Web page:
Phishing is one of the biggest threats to online security. No matter how technology evolves, phishing continues to be the most popular delivery method for all types of scams, from credential theft to ransomware infections.
In 2019, 84% of small and medium-sized businesses were targeted with phishing attacks. Many of those attacks spoofed another company’s email address, making the recipient think the scam email came from a legitimate source.
Email spoofing is an email security issue that often flies under the radar. Most business email security is focused on things like scanning file attachments for malware and viruses or preventing spam and phishing from making it to a user’s inbox.
While companies that fall prey to phishing can pay a high price, there is another victim, which is the company having their email spoofed in phishing attacks.
What is email spoofing?
Email spoofing is when an email address is used in the header of an email message that is not the email that the message is really being sent from. The purpose is to dupe the recipient into believing the email is from someone else.
In the case of a phishing attack, the perpetrator tries to use a trusted company or company that a firm may be doing business. This increases the chance that the recipient will take the desired action on a phishing email – clicking a malicious link or downloading dangerous file attachment.
For example, spoofing can use the email address of a company’s accounting department or CEO to make a customer think that a request for wire information is legitimate.
What’s the cost of email spoofing?
Companies can suffer monetary losses in a number of ways when a criminal spoofs their email domain to send phishing, including:
- Loss of customer trust
- Loss of business relationships and potential repeat sales
- Potential lawsuits from scammed clients (even though it wasn’t your fault)
- Possible blacklisting of your domain by email providers
In one case of email spoofing, Business Insider had their domain spoofed by someone who sold fake online ads to their clients. One client purchased $40,000 in ad inventory from the scammer (thinking it was the company).
How to Protect Your Business from Email Spoofing
You do have some ways to defend against having your domain spoofed and protect the integrity of your email addresses. There are three key tools that can compliment each other and provide certain authentications to ensure your domain is protected.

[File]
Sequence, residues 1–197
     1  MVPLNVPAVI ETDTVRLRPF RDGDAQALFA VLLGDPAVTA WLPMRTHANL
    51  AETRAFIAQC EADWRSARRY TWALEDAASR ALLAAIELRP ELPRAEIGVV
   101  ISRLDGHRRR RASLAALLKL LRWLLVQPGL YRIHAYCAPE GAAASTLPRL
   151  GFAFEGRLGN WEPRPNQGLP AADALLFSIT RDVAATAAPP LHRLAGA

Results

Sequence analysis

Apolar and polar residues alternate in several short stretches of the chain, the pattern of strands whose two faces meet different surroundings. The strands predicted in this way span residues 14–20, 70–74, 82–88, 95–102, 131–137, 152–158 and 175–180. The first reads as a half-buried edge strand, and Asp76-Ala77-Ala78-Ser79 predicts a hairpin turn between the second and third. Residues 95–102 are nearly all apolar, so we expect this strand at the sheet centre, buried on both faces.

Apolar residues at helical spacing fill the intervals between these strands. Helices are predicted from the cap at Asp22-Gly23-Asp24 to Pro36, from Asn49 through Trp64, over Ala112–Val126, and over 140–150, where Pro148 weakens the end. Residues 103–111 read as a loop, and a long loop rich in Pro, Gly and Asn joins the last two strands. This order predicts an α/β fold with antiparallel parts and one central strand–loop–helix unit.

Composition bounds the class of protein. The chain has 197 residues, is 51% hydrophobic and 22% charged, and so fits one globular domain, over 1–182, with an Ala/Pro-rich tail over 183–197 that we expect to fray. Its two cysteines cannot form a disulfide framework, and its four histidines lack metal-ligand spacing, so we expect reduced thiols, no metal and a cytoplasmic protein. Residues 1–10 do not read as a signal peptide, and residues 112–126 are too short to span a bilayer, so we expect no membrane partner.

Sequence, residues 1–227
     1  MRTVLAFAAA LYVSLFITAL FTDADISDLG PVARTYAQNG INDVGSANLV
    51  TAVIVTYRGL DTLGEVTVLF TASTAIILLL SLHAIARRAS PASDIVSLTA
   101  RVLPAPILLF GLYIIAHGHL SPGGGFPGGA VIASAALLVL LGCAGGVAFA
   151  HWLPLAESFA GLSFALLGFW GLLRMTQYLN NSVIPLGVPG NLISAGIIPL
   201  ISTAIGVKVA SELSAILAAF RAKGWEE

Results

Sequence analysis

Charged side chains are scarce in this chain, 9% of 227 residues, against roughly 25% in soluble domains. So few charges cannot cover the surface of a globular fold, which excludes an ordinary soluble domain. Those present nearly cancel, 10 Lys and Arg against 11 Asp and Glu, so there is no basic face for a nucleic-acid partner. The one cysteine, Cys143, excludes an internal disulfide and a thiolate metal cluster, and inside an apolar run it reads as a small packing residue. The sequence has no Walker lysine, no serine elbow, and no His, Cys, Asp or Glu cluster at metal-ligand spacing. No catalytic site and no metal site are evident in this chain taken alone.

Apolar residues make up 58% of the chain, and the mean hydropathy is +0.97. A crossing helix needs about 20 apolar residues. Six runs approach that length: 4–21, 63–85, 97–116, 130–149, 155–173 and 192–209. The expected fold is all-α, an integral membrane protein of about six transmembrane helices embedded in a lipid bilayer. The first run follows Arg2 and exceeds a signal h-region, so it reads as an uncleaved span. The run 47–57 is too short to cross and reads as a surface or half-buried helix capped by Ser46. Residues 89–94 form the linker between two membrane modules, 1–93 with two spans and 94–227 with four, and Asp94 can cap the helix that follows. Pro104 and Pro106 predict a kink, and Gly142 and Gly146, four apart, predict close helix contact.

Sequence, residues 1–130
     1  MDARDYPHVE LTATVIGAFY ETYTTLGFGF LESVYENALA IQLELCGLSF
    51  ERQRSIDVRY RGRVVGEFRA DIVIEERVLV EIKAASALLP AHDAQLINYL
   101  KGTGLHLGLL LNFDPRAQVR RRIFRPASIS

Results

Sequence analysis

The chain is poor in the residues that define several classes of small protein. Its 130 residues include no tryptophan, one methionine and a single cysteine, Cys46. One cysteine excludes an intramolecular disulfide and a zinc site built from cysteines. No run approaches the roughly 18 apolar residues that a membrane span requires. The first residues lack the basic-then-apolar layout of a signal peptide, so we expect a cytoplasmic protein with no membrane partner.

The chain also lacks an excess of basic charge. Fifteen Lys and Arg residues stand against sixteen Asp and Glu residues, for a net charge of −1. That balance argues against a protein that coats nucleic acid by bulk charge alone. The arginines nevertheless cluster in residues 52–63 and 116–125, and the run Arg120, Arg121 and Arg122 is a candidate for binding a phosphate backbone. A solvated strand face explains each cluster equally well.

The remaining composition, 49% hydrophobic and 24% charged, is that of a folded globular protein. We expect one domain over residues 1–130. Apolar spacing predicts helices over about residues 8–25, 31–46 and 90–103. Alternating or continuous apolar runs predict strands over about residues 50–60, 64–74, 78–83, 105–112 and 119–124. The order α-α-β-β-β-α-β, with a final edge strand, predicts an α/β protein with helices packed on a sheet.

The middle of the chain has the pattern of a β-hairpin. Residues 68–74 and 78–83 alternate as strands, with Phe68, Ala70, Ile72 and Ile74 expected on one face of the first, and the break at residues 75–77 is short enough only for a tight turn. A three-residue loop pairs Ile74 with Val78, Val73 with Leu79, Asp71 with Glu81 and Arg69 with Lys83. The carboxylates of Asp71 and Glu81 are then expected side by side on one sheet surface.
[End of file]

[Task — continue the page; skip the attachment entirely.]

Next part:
Each plays a different part in proving to an internet service provider, mail service, or mail server that the sender is authorized to send an email on the domain.
Following is an overview of each and how they help protect your company from email spoofing.
SPF (Sender Policy Framework)
SPF is a mechanism that confirms that an IP address or server is allowed to send email from the domain used in the “from” header.
If a phishing scammer is using your company’s email domain in their header, but their IP address doesn’t match those you designated as legitimate when you set up the SPF, the mail server can reject it.
SPF is more powerful when used along with DKIM and DMARC.
DKIM (DomainKeys Identified Mail)
DKIM is another authentication method that lets the recipient’s mail handling program know that the email is legitimate but goes a bit farther than SPF.
This framework uses a digital signature, called the DKIM signature, for an email. DKIM can also let the recipient’s mail server know if parts of the message (like the message body or attachments) have been tampered with.
What DKIM uses that SPF doesn’t is an encryption algorithm that creates a pair of electronic keys. These keys help authenticate that the email is trusted and hasn’t been altered.
DMARC (Domain-based Message Authentication, Reporting and Conformance)
This framework is one that brings both SPF and DKIM authentication together. It lets the recipient’s mail server know if those two methods are being used to authenticate the email sender and also gives instructions on how to handle the message.
DMARC includes instructions on what the receiving mail server should do if a message doesn’t pass SPF or DKIM authorization. It also provides a mechanism for the recipient’s server to report back to the sender any messages that pass and/or fail the DMARC authentication procedure.
This can help companies be tipped off if their email is being spoofed.
Why Are All Three Email Authentications Important?
All three of these email authentication methods handle a different part of authentication, which lets a mail server or ISP know that an email is trusted and legitimately being emailed, or not.
Email spoofing can damage a company’s reputation and cause monetary losses for victims, who could be their clients, vendors, or employees.
In today’s digital world, online threats are one of the biggest risks that companies face. Using the SPF/DKIM/DMARC authentications can help you improve email security and mitigate a significant online threat.
Protect Your Business Email with Anti-Spoofing Tools
Unbound Digital can help you put email authentication in place to protect your business reputation and prevent your domain being used in phishing attacks.
Contact us today to schedule a free email security consultation. Call 423-335-2461 or reach us online.